**spoiler alert** I have always had trouble viewing Ernest Hemingway sympathetically or even favorably. Intellectually, I understand why he was an imp**spoiler alert** I have always had trouble viewing Ernest Hemingway sympathetically or even favorably. Intellectually, I understand why he was an important writer. When I read his work, it doesn't excite the same awe and admiration other people seem to experience -- as Hadley Richardson does in The Paris Wife. I think he was an overrated narcissist. (Yes, yes, cue shocked gasps and irate Hemingway zealots.) So I identified with Hadley, not only because I'm completely nonplussed by Hemingway but also because she is so much like me.
It starts as a beautiful love story with hope and promise and what everyone wants in a marriage. And then it unravels. It becomes harder to read and more heart-rending the deeper you go in the novel. At the same time, you realize the honesty of what Hemingway said about Hadley: that she was "so good and strong and true." She handles the chaos he brings everywhere beautifully, even when it nearly destroys her.
The Paris Wife is beautifully written, and it made me want to try to read Hemingway again. I hated The Old Man and the Sea (actually cried when I realized I was only a third of the way through, and I love to read), I was disappointed in A Farewell to Arms, and I've been stuck in The Sun Also Rises since last Christmas. Maybe knowing what he left out of Sun will make it more poignant. And I do want to see what he has to say about Hadley herself in A Moveable Feast. I'm hoping that knowing more about Hemingway's story (contrived though some of it is) will help me understand -- and maybe even like -- his work better.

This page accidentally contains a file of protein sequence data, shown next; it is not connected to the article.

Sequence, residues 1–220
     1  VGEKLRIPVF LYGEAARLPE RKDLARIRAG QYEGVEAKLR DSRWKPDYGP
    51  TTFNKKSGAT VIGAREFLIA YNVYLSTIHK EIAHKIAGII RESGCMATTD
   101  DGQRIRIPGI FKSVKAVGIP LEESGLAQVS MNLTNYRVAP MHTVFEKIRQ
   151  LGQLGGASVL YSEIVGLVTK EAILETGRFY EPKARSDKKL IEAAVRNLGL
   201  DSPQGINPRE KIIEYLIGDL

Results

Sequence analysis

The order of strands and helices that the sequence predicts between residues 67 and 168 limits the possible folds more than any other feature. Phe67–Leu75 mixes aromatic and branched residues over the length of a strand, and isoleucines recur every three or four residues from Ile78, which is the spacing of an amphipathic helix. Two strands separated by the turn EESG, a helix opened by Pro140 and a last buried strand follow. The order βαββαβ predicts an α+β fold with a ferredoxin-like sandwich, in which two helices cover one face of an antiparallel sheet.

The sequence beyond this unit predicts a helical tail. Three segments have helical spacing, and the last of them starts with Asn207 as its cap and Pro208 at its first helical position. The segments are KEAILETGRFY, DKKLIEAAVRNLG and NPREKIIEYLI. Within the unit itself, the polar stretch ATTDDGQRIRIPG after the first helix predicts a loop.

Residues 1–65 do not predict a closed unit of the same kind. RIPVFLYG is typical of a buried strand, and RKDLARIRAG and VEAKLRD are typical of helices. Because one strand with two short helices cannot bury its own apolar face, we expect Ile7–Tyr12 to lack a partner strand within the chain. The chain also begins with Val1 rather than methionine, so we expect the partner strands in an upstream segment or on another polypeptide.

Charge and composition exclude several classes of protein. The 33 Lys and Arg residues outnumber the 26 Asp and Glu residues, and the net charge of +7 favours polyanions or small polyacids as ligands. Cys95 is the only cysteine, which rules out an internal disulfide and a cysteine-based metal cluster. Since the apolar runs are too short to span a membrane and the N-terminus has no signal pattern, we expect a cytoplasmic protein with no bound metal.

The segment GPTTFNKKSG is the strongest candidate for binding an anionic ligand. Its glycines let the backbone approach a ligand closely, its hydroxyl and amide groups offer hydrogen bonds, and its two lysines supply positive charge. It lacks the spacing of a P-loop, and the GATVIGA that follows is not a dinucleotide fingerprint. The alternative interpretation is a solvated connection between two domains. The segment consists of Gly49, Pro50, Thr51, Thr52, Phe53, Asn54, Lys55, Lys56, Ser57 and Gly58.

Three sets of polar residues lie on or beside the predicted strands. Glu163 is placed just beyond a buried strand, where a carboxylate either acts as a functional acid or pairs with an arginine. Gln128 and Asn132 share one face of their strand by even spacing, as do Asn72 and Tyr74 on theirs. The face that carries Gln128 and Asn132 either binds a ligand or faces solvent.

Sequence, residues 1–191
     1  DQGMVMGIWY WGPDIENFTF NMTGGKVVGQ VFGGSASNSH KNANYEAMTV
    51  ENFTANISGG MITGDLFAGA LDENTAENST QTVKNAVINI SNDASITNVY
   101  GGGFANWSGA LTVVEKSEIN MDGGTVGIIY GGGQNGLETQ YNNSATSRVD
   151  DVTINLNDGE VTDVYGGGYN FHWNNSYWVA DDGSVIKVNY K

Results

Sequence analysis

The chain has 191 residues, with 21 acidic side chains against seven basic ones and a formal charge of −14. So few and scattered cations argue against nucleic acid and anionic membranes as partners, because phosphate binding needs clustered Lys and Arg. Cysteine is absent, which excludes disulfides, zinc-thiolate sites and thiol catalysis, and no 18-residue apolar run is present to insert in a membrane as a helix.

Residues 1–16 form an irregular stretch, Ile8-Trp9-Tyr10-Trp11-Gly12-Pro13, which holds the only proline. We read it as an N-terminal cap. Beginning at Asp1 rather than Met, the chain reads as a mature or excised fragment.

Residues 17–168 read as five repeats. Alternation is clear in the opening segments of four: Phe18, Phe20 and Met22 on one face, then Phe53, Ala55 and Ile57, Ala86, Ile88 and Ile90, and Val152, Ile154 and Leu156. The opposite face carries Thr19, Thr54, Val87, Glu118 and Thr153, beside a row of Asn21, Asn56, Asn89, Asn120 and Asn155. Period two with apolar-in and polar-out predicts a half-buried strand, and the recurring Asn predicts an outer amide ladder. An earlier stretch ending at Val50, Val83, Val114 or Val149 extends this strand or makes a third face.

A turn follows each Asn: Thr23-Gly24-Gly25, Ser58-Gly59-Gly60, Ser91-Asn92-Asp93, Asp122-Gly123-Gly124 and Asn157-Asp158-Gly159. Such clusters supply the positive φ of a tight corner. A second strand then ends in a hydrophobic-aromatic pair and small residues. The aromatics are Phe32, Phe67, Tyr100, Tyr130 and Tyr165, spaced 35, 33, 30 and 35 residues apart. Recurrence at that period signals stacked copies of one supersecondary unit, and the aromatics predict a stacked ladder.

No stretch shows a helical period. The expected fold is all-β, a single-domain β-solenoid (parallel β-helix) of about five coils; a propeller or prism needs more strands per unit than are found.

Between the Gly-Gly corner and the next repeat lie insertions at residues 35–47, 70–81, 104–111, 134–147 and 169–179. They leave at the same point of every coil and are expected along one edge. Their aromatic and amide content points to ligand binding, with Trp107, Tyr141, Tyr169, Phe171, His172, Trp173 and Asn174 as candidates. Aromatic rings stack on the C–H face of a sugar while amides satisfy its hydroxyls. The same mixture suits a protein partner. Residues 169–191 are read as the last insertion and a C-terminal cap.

I hope McLain writes more similar novels. I wanted to hate Pauline, but I couldn't. I would love to hear her perspective. Maybe the wives of Hemingway will become as fascinating as the wives of Henry VIII; after all, they all had to put up with terrifically awful husbands....more
I've seen a few reviews saying that this book was a disappointment because it covered the same period as The White Queen. I disagree. Margaret BeauforI've seen a few reviews saying that this book was a disappointment because it covered the same period as The White Queen. I disagree. Margaret Beaufort is a completely different woman from Elizabeth Woodville, and it's interesting to see the same story play out through a different perspective. That said, Margaret annoyed me. I tried to like her, and when she had human emotions, I felt little glimmers of sympathy. But mostly, I was irritated by her piousness, her conviction that she and God wanted the same things, her belief that God loved her more than others, and the close-minded manner in which she deals with the people around her. (She could have learned a lot from that second husband if she'd bothered to try.) I guess the real woman might have HAD to be like that to get Henry Tudor on the throne, and the course of history would have been drastically if she were a delightful and accommodating person. But I was relieved at the end of the book that I could escape her....more
I understood how this book won awards, but personally, I just didn't really like it. Maybe it will improve upon a second read -- but I think it will bI understood how this book won awards, but personally, I just didn't really like it. Maybe it will improve upon a second read -- but I think it will be a while before I undertake it....more